The competition: Jason Bateman’s financial advisor (Ozark), Sterling K. Brown’s loyal husband and father (This Is Us), Freddie Highmore’s autistic doctor (The Good Doctor), Bob Odenkirk’s crooked lawyer (Better Call Saul), and Liev Schreiber’s distraught fixer (Ray Donovan).

For your information: Schreiber is back for his fifth consecutive nomination, while Odenkirk scores his third. Emmy winner Brown is here for the first time for his show but was nominated last year for “American Crime Story: The People vs. OJ Simpson.” This is Bateman’s third overall citation – he won in 2004 for “Arrested Development.” This is Highmore’s first bid. Only “This Is Us” is nominated for the top prize.

Who should win? I didn’t watch much of Bateman and Highmore’s shows, so I’d say any of these are fine – I have no strong preference this season.

Who will win? Usually Globe voters like someone new and hot, so that could be Bateman, but I feel like Brown is more likely.

What I’m Watching: The Crown

The Crown: Season 2, Episode 3 “Lisbon” (B+)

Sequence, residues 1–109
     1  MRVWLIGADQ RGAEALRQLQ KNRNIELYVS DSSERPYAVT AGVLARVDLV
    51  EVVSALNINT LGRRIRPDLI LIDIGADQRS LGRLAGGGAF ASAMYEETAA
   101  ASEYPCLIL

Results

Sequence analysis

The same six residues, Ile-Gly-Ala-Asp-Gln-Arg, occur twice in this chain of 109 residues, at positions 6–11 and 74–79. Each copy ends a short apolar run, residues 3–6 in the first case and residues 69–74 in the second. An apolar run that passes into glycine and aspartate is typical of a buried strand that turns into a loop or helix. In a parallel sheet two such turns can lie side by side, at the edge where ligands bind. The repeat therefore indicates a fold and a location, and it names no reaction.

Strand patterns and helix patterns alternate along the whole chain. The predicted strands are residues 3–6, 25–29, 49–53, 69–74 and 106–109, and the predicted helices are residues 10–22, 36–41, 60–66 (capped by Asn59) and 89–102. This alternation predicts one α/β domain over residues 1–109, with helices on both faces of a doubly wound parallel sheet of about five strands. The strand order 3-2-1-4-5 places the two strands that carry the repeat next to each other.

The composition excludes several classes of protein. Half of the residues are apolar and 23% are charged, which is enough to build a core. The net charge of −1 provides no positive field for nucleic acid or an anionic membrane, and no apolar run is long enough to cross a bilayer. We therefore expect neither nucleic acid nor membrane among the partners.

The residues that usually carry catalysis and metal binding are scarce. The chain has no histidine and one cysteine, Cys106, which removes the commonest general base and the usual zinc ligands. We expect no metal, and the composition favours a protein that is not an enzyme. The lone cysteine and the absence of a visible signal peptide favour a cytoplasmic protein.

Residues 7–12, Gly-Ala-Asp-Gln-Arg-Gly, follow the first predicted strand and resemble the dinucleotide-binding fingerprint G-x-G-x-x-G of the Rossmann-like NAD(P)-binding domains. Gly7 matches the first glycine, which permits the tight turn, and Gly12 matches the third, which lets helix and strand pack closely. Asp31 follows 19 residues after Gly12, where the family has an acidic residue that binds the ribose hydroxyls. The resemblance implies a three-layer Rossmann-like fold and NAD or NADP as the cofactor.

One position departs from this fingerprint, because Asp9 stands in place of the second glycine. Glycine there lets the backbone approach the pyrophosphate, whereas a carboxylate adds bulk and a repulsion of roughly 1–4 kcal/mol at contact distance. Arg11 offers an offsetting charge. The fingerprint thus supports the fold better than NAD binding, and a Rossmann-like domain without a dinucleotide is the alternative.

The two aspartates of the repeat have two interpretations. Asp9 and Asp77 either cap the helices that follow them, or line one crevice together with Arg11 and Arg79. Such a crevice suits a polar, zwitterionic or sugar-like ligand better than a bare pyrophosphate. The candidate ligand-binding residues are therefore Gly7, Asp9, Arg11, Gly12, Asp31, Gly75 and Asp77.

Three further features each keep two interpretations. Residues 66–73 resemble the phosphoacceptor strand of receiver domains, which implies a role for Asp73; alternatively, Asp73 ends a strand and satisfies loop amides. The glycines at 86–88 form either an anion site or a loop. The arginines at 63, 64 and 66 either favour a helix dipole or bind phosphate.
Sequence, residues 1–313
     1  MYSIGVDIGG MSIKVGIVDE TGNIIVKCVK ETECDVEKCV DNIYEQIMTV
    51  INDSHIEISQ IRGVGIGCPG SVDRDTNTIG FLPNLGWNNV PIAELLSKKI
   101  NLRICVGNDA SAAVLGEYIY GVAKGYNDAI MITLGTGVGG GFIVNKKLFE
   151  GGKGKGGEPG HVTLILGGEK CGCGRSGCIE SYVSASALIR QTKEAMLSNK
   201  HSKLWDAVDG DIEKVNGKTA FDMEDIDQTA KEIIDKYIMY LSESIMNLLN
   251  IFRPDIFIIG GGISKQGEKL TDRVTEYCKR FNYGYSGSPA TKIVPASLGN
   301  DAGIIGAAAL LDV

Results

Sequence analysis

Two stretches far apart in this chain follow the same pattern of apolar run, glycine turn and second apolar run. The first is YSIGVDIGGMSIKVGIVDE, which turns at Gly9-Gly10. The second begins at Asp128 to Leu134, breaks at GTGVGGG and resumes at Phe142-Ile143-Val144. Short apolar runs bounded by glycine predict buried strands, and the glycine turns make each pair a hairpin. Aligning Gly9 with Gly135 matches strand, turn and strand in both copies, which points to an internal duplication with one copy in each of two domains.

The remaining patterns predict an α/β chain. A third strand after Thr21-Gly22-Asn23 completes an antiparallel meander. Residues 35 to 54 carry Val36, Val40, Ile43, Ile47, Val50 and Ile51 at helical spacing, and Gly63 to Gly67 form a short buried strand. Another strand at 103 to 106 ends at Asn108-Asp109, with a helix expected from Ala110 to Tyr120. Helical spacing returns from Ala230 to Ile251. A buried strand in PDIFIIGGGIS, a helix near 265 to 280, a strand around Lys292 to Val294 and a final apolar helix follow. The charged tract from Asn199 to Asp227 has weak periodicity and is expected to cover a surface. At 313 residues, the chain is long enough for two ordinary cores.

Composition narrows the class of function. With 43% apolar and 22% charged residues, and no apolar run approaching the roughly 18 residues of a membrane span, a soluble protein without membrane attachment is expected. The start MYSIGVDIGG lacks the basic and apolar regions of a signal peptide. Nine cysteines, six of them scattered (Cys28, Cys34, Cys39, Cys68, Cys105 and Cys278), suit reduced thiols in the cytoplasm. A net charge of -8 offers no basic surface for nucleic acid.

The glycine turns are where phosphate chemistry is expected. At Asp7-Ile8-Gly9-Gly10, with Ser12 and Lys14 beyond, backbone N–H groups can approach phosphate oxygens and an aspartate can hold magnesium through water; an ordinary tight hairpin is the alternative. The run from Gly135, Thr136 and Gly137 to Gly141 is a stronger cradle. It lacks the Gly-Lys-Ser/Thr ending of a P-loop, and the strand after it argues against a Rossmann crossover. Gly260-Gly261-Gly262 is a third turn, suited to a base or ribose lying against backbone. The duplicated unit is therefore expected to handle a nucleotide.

There is such a distance that exists now between Elizabeth and Philip, and it was evident from the start of this episode when Elizabeth was narrating the video footage with Philip’s letter and seemed to digest so much of what he wrote incredulously. She laughed with her children when she noticed that they all had grown beards, but I think there was something about the independent experience that he was having away from all them that got to her. Their reunion was extremely unpleasant, and she was even colder than he was, telling him they’d talk later as she didn’t even bother to embrace him or pretend that she was happy to see him. I got confused for a moment because I recognized the scene that was playing out where she said that his complaining had to stop, but it made more sense once I realized that it was part of the whole theme of this season. Philip wouldn’t dream of having an affair because being with another woman isn’t what he wants; it’s a freedom to be able to be the person he used to be. Needing to have a ceremony where they actually crowned him Prince Phillip for his ego to be boosted is ridiculous, and something tells me it’s not going to be nearly enough. While Mike had to be summarily dismissed from his post via immediate resignation, he got the out that Philip never will, in servitude to the crown whose importance and grandeur only his wife seems to understand.